180-inch Adams County monster buck arrowed opening day

Giles Island Hunting Club manager Jimmy Riley arrowed this monster deer on opening day of the hunting season while filming a Mossy Oak Deer Thugs TV segment.

Giles Island Hunting Club hunt filmed for Mossy Oak’s Deer Thugs.

Jimmy Riley rarely hunts, even though he manages some of the most productive deer property in the state. In fact, he had only killed one buck in the past 15 years when he arranged his opening-day hunt.

Now, he’s added another Giles Island buck to his short list of accomplishments – and it’s a 180-class brute.

And the only reason the Adams County kill happened at all was because Riley needed to do a little publicity for Giles Island Hunting Club.

You see, the Mossy Oak Deer Thugs crew planned to be at the island to film for five days beginning Oct. 1 – and Riley was booked to suffer through the ordeal of being a TV star.

“I called (the property owner) and ask him if I should kill a management buck or go for a trophy,” Riley said.

After a short discussion, Riley received the go-ahead to take one of the property’s trophy bucks.

He knew just the animal he wanted.

A buck dubbed BTL – because it lived “between the lakes” – had been seen on two occasions last year, and it was a dandy.

“That was during the rut, and he was a 160-class deer,” Riley explained. “He’s one of those nocturnal deer, and he was only seen twice by bowhunters, but he never got within range.”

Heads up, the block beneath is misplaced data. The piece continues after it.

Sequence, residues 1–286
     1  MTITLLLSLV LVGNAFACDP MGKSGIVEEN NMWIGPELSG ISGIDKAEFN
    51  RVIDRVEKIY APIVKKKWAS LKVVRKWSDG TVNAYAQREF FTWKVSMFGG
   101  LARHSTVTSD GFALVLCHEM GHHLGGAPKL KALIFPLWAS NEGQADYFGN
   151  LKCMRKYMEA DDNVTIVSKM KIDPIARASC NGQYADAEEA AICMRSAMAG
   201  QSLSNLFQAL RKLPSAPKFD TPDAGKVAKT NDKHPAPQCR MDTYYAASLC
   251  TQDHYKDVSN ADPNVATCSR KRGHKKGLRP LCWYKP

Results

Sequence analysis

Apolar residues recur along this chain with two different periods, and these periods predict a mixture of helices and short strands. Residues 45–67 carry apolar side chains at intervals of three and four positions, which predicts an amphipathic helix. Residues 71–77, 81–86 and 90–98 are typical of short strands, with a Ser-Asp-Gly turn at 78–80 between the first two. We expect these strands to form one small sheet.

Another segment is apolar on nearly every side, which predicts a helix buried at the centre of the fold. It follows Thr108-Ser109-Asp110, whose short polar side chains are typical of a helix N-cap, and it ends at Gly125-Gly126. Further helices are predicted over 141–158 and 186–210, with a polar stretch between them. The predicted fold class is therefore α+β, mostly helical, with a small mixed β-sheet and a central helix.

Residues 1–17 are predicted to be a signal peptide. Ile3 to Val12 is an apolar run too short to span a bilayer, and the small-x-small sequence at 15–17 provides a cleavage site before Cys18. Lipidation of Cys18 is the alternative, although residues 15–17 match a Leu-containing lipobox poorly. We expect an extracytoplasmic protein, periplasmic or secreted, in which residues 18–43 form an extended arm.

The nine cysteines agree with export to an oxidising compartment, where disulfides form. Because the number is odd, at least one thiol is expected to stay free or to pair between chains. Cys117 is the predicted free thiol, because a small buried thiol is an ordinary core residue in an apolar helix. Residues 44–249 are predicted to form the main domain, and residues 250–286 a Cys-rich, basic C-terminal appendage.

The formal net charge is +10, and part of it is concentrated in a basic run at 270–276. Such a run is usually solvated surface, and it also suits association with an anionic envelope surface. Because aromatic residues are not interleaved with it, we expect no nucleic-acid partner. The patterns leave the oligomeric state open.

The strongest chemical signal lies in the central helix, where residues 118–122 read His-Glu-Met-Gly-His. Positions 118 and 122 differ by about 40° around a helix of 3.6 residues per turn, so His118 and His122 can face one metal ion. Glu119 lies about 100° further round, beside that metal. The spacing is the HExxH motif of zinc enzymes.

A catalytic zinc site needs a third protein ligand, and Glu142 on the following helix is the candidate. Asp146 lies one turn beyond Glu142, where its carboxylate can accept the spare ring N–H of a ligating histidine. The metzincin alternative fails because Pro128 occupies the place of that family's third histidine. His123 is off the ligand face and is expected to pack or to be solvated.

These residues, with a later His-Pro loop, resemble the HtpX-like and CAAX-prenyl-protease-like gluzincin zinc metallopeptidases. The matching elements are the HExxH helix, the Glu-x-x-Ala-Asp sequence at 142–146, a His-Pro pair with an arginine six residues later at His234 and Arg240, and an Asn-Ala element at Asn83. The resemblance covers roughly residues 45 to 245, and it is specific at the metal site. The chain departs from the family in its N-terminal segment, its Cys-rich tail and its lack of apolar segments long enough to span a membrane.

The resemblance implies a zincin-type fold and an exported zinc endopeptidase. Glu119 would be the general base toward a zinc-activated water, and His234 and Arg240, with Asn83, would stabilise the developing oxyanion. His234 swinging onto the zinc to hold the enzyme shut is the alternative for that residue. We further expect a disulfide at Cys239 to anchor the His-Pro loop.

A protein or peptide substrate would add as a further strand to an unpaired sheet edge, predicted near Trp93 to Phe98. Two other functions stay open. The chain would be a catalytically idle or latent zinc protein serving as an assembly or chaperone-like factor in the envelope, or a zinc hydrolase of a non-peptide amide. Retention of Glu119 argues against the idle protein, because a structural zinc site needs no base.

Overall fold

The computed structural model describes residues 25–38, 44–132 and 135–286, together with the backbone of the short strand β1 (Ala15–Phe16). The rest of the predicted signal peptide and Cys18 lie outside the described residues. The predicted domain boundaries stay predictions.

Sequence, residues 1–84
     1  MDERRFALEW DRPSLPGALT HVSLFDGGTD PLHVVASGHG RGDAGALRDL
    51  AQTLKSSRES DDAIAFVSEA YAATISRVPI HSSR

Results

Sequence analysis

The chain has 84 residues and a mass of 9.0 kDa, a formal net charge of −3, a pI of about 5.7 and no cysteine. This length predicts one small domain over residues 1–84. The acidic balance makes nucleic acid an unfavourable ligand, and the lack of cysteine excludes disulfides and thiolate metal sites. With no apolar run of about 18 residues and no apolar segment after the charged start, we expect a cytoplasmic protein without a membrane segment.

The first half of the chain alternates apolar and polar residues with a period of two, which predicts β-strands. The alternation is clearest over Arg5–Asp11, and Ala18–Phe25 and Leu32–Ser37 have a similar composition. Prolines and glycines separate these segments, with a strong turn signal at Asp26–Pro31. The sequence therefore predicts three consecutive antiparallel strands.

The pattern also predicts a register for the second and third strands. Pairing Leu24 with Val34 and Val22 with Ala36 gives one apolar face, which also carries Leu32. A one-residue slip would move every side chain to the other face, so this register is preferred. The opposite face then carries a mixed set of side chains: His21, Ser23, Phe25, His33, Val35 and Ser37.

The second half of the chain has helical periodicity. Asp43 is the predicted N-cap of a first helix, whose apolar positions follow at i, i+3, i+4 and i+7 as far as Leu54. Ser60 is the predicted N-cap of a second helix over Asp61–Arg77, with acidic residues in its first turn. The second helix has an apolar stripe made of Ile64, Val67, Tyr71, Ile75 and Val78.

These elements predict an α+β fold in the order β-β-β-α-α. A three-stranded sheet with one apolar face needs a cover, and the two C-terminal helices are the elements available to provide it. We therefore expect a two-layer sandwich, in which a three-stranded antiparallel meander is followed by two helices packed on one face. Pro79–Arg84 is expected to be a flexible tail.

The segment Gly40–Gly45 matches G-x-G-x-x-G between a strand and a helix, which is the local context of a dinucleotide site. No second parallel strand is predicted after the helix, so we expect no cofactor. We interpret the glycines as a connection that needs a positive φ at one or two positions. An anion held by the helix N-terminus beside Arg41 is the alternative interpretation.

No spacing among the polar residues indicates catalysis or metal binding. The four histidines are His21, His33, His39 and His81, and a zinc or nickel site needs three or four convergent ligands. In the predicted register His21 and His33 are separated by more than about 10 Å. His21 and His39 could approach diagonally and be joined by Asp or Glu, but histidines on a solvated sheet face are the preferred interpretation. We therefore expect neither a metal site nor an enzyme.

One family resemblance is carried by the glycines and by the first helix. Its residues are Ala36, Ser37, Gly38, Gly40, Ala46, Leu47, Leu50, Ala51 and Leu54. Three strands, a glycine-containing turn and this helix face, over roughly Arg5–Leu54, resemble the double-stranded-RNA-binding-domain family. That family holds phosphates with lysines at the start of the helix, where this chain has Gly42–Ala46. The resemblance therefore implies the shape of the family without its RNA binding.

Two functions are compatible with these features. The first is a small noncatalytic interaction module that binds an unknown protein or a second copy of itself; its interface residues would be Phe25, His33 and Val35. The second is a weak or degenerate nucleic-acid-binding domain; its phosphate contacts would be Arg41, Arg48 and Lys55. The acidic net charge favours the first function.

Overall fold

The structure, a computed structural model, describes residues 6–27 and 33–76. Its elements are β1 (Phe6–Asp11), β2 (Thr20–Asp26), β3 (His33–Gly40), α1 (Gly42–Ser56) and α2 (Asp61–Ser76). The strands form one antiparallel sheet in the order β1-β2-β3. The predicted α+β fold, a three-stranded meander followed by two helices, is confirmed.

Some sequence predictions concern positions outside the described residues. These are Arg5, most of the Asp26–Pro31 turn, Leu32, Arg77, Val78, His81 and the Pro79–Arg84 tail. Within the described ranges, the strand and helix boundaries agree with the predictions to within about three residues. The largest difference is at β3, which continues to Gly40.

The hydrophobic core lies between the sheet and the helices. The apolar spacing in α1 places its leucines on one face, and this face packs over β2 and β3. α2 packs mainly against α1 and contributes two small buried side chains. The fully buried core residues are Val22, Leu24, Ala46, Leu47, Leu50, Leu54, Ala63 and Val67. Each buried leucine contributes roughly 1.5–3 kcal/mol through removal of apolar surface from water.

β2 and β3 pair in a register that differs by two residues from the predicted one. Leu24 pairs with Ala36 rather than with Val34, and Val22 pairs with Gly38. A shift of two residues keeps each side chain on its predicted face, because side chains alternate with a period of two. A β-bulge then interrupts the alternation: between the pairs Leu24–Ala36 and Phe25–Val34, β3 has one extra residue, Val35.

So about 1 ½ weeks before the Oct. 1 bow opener, Riley slipped into that same area and hung a trail cam on a persimmon tree that was dropping fruit.

He scored photos of the animal, but he honestly still wasn’t sure just how big the mature buck had grown.

“Trail cameras are great for knowing you have a deer of a certain caliber, that he’s in an area, but it’s hard to judge them and age them,” Riley said.

So he was still thinking BTL was in the 160 range. Not that he was disappointed, quietly setting up a lock-on stand about 30 or 40 yards from the persimmon tree.

“Then we stayed out of there,” Riley said.

As the film crew turned up, Riley was itching to sit the stand. But a quick check of the solunar tables convinced him opening morning wasn’t right.

“The tables said deer would be active between 3 and 6 a.m.,” Riley said. “I could just imagine slipping in and pushing him out.”

Instead, he planned for an afternoon hunt.

“I was hoping he would be bedded up so we could get in and get set up,” Riley said.

So after the LSU-Kentucky game wrapped up, Riley and a cameraman eased into position and sat, waiting.

For the longest time nothing happened. Not a deer seemed to be on the move.

And then about 6 p.m., Riley heard something walking in a slough near the persimmon tree. Riley could see deer legs, so he raised his binoculars to get a better look.

“I couldn’t find the deer,” he said. “Nothing.”

Confused, he lowered the glasses, and then he understood.

“A doe stepped out, and it was one we called the ghost doe,” Riley said. “It’s the most beautiful grayish color; it’s colored up like a blue healer.”

The old nanny walked right to the persimmon tree and started munching on the succulent fruit.

About 20 minutes later, however, the doe threw its head up and looked back toward the slough.